2 The BOOTES network

The Burst Optical Observer and Transient Exploring System (BOOTES) network (Castro-Tirado et al., 1996; Castro-Tirado et al., 2012) is a worldwide robotic telescope network whose first prototype was proposed and designed under a Spanish-Czech collaboration framework. It achieved its first light in 1998. As the Spanish pioneer robotic observatory for optical transient searching and follow-ups, it has achieved multiple scientific goals, as detailed below.

As originally planned, the BOOTES network consists of seven stations eventually, four in the northern hemisphere and three in the southern hemisphere ensuring that there will always be at least one telescope covering the northern and southern parts of the night sky (Castro-Tirado et al., 2012). All stations are marked in Figure 1. Since the first light of BOOTES-1 in 1998 until the installation of BOOTES-7 in 2022, the BOOTES network has already deployed all its seven astronomical stations. These observatories are detailed in the following Table.


FIGURE 1. The BOOTES network map at present (2022), where all BOOTES network astronomical stations worldwide are marked with red points.

2.1 The BOOTES-network construction

2.1.1 The seven BOOTES astronomical stations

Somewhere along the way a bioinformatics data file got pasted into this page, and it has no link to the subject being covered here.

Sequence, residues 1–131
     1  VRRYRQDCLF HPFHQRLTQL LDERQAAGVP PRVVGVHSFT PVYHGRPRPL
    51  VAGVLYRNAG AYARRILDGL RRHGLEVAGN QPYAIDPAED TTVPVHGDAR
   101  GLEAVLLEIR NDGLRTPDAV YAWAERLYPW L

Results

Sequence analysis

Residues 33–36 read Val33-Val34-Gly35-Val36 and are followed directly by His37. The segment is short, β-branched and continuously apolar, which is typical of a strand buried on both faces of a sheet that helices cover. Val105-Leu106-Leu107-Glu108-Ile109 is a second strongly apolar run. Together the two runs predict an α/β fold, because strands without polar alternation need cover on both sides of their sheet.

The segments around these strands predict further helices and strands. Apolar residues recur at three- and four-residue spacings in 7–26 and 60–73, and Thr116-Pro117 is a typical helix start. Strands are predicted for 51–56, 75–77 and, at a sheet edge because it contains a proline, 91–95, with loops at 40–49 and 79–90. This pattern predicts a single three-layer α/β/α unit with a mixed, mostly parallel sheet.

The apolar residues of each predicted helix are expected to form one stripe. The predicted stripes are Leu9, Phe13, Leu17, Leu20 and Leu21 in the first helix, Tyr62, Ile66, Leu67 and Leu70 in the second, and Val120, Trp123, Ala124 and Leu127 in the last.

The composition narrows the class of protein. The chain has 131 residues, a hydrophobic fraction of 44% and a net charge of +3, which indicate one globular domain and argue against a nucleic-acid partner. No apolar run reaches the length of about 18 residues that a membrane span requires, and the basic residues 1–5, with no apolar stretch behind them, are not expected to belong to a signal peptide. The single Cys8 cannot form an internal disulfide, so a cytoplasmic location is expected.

The BOOTES-1 observatory (B1) is located at Estación de Sondeos Atmosféricos in Centro de Expermentación de El Arenosillo which belongs to Instituto Nacional de Técnica Aerospacial (CEDEA-INTA) in Mazagón, Huelva, Spain (Jelínek et al., 2016). It contains three domes not far from each other, BOOTES-1A (B1A), BOOTES-1B (B1B) and BOOTES-1C (B1C). B1A is equipped with two wide-field CCD cameras (4,096 × 4,096 pixels2) in the same mount, one attached to a 400 mm f/2.8 lens which covers a 5° × 5° field of view (FOV) and another connected with a 135 mm f/2 lens covering a 15° × 15° FOV. In the B1B dome, there is a 0.3 m diameter Schmidt-Cassegrain reflector telescope mounted on a Paramount mount which covers a 15’ × 15′ FOV. Both cameras are working with a clear filter which can be transformed to the R-band under the assumption of no intrinsic colour evolution of the optical counterpart. B1C is the dome which was used to store the Spanish-Polish collaboration project “Pi of the sky” which was a system of robotic telescopes with a wide field of view containing 4 units (16 CCD cameras) since 2010. After their retirement in 2020, this dome was re-furnished with a new mount pier and now hosts a 28 cm wide field of view camera operating since mid-2022. The BOOTES-2/TELMA observatory (B2) is located at the Instituto de Hortofruticultura Subtropical y Mediterránea La Mayora, which belongs to the Consejo Superior de Investigaciones Científicas and Universidad de Málaga (IHSM/UMA-CSIC) in Algarrobo-Costa (Málaga, Spain) which started its scientific operation in 2002 (Jelínek et al., 2016). A 0.3 m diameter Schmidt-Cassegrain telescope was first deployed with an attached wide-field camera similar to the one installed at B1B. The idea was to get B2 operating in two different modes: the stand-alone observation and the parallel stereoscopic mode. The latter mode allows for simultaneous observation together with the B1B telescope, which is located at a distance of 250 km. This setup allows for the discrimination of near-Earth detected objects up to a distance of 106 km. In 2008, a new high-speed slewing fast-camera and fast-filters telescope prototype was purchased in order to upgrade the 0.3 m telescope to quickly follow-up astronomical transients. The new telescope installed was a 0.6 m aperture Ritchey-Chretien one with f/8 and its optical tube truss made of carbon fibre making it a lightweight instrument with an overall weight of about 70 kg (see Figure 2). The equatorial mount NTM-500 from the Astelco company was chosen because it had the ability to achieve speeds up to 30 deg/s and accelerations up to 10 deg/s2 according to the manufacturer. Its pointing accuracy is less than 5″, and the tracking accuracy is less than 1” per hour once a proper pointing model is achieved. A wide temperature range of −20°C–40°C is suitable for its operation. Meanwhile, the Andor iXon X3 EMCCD 888 was attached to the telescope in order to capture images on the 1,024 × 1,024 pixels CCD detector, which has a pixel size of 13-μm and a full resolution frame rate of 9 fps, thus providing a FOV of 10’ × 10’. With such an ultra-light telescope, the mount has the capability to achieve fast slewing speeds and accelerations to reach any part of the sky in less than 8 s.